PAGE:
Book Summary: Your Life in my Hands by Rachel Clarke

I have spent most of the summer revising for my UKCAT and enjoying reading lots of books on holiday.

This book is focussed around current issues in the NHS from the perspective of a Junior Doctor, including negative feelings leading to striking beginning on 12th January 2016. It was written very recently so gives an up-to-date record of how our doctors feel about political decisions that are being made surrounding the NHS.

Your Life in My Hands continuously praises the work of the doctors and healthcare teams in England, and shows the dedication and compassion needed by the teams to continue to come to work and save lives, even when they feel that the government is working against them. I learned that doctors must be good at fast decision making and assertive in order to deliver news to patients and their families, as well as patient.

It is made clear that Clarke believes the government used the press to blame doctors’ lack of care and commitment to their patients as the reason they did not turn up to work in 2016. The real reason is the opposite in that they care so much about the patients and are being stopped by NHS guidelines and financial budget set out by politicians, preventing them from helping those in need, as well as already working weekends and wanting to be paid for these extra hours, and staff shortages. The hospital environment is now unsafe and Clarke states that every trust is suffering as much as the time of ‘scandal’ at Mid Staffordshire NHS Trust in 2013. The government using the press to blame Junior Doctors for the NHS’ issues has negative effects on the relationship and trust between doctors and their patients.

I found it very interesting reading that Jeremy Hunt breached patient confidentiality when responding to the social media spread of the hash tag #ImInWorkJeremy. This is shocking as he should be setting the example to all staff at the NHS to respect patients and their confidentiality, in order to maintain a strong patient-doctor relationship.

Some medical knowledge I learned by reading this book is the ‘ABC’ method of immediate assessment of A&E patients. A is for airway, B for breathing and C for circulation. It is important to check peoples’ voice, chest, hands and pulse for any abnormalities.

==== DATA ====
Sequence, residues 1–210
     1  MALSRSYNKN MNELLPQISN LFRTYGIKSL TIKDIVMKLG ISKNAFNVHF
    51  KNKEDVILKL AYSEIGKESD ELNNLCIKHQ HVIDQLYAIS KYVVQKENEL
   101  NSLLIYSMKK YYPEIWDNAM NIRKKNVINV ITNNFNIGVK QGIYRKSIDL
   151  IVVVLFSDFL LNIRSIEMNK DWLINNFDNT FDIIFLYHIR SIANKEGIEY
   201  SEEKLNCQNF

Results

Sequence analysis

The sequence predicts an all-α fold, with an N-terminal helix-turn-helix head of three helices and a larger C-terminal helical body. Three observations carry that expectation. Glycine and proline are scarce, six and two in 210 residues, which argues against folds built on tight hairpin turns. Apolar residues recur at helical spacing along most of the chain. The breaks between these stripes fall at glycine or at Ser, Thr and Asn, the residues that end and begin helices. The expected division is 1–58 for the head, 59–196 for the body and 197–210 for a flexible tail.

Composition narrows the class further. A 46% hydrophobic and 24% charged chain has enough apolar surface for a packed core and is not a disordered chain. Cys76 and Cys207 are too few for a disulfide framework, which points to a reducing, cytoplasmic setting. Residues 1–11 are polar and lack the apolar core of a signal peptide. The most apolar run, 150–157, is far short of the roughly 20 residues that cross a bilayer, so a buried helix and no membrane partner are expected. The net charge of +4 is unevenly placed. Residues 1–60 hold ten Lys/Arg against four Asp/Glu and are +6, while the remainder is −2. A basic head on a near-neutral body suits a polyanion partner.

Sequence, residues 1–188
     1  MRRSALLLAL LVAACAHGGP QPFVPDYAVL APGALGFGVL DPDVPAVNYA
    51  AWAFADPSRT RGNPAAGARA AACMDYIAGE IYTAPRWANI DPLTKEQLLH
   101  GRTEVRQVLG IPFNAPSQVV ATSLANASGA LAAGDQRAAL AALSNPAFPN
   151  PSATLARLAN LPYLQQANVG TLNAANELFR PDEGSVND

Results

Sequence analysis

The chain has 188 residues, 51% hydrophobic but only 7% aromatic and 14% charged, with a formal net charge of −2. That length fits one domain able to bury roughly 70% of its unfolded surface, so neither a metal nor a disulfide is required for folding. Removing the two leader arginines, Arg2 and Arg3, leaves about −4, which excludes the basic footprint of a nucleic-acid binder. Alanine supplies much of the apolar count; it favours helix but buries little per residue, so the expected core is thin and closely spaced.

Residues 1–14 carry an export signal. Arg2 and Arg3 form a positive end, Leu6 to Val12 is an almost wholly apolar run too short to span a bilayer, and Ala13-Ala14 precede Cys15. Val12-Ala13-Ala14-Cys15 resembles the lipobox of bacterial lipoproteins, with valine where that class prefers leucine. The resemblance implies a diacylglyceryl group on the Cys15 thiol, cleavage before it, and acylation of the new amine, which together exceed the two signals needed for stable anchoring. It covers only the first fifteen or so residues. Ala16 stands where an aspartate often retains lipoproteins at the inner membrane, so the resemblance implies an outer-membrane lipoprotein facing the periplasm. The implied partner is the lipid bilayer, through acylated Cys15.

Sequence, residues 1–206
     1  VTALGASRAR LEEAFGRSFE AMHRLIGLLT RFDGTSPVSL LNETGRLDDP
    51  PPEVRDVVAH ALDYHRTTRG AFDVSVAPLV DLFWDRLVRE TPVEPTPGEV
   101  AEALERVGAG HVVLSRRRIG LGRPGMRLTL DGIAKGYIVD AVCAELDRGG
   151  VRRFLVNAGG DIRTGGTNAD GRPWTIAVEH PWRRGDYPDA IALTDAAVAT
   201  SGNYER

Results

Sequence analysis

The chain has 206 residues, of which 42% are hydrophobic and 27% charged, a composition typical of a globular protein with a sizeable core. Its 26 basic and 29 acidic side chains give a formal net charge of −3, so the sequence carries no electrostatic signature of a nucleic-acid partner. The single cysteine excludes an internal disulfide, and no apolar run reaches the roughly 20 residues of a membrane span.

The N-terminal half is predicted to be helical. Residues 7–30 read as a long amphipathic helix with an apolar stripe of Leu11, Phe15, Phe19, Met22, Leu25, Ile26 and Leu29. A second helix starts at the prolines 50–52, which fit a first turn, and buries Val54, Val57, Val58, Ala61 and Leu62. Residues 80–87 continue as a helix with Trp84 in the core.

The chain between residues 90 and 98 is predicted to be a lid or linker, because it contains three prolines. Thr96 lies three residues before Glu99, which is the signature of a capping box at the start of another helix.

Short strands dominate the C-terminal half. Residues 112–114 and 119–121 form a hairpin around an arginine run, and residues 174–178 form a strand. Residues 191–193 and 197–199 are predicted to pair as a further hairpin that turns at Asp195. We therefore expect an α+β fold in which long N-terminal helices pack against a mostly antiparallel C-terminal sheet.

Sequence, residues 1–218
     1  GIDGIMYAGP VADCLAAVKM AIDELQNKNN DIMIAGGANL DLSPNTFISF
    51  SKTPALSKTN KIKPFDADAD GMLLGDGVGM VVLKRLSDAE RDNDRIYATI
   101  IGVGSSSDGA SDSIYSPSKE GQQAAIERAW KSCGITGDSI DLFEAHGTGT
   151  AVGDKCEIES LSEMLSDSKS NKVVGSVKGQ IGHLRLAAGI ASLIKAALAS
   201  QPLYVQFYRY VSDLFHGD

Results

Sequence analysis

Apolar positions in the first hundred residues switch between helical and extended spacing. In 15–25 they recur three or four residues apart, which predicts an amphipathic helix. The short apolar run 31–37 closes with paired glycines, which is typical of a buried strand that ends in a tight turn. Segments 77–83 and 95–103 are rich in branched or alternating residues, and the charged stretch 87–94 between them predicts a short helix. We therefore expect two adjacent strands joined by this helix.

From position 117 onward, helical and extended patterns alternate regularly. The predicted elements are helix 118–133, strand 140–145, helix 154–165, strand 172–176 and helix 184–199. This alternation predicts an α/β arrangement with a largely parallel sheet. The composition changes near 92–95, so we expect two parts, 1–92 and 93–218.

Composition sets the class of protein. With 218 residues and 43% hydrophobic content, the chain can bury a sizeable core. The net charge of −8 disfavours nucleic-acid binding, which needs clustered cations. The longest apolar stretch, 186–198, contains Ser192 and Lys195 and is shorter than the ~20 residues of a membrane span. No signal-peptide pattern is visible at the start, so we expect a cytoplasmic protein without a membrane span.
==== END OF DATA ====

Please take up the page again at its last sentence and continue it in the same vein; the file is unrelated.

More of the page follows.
I love Clarke’s description of medicine as ‘reading a human body like a book and applying hard science to fixing its frailties’ because it captures both the need for strong academics as well as care needed to be a doctor.  I also liked how Clarke talked about being a doctor as an ‘honour’, ‘privilege’ and ‘calling’. I am extremely keen to be a doctor and would be honoured to follow my passion at university.

Clarke talks about the sadness of medical professionals after preventable deaths and how the government’s NHS policies are currently stopping the staff from doing their best, and may lead to many avoidable failures of the system.

The book touches on mental health of junior doctors, including high suicide rates and depression. It was sad to hear about a new doctor crying in the doctors’ mess saying that the work they are expected to is ‘unsafe, unfair and inhumane’. It is therefore important to look up to people more experienced than yourself in the medical profession and work as a team, in order to learn from their knowledge and experience. However, everyone is of equal value so should all take responsibility for simple tasks such as answering the phone.

The NHS has got to a point where it is so severely understaffed that it no longer follows what it was originally set out to be by Sir Robert Francis who wanted safe staffing as a priority, particularly encouraging NICE to be used to develop evidence-based guidelines.

Your Life in My Hands is focussed on the less glamorous parts of NHS medicine, including the long working hours, hospital overflows (eg. Worcester Royal Hospital was forced to put patients in decontamination rooms as there were not sufficient beds in January 2017), and less pay compared to other countries’ medical professionals. It is the dedication and commitment that medical professionals show to the NHS’ key values that inspires me to work hard for my application to medical school. Clarke’s finishing statement of ‘his life is in the hands not of one doctor but of the nation’ is extremely powerful as it shows the reliance on each of us to pay taxes in order for the government to fund the NHS to save our lives when needed, as well as reminding the reader that the NHS is an institution that we should be extremely proud to have in our country as we all help each other out when funding this institution that offers healthcare free at the point of use for all residents, whatever a person’s background is.


Emily Buchanan


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